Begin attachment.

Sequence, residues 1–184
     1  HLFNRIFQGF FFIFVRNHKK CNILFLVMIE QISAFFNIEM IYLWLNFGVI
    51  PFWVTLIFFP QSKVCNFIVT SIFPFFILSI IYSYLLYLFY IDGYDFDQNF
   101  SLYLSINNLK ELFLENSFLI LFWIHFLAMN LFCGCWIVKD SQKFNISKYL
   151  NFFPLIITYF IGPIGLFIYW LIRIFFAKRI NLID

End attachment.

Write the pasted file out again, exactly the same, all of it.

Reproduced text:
Sequence, residues 1–184
     1  HLFNRIFQGF FFIFVRNHKK CNILFLVMIE QISAFFNIEM IYLWLNFGVI
    51  PFWVTLIFFP QSKVCNFIVT SIFPFFILSI IYSYLLYLFY IDGYDFDQNF
   101  SLYLSINNLK ELFLENSFLI LFWIHFLAMN LFCGCWIVKD SQKFNISKYL
   151  NFFPLIITYF IGPIGLFIYW LIRIFFAKRI NLID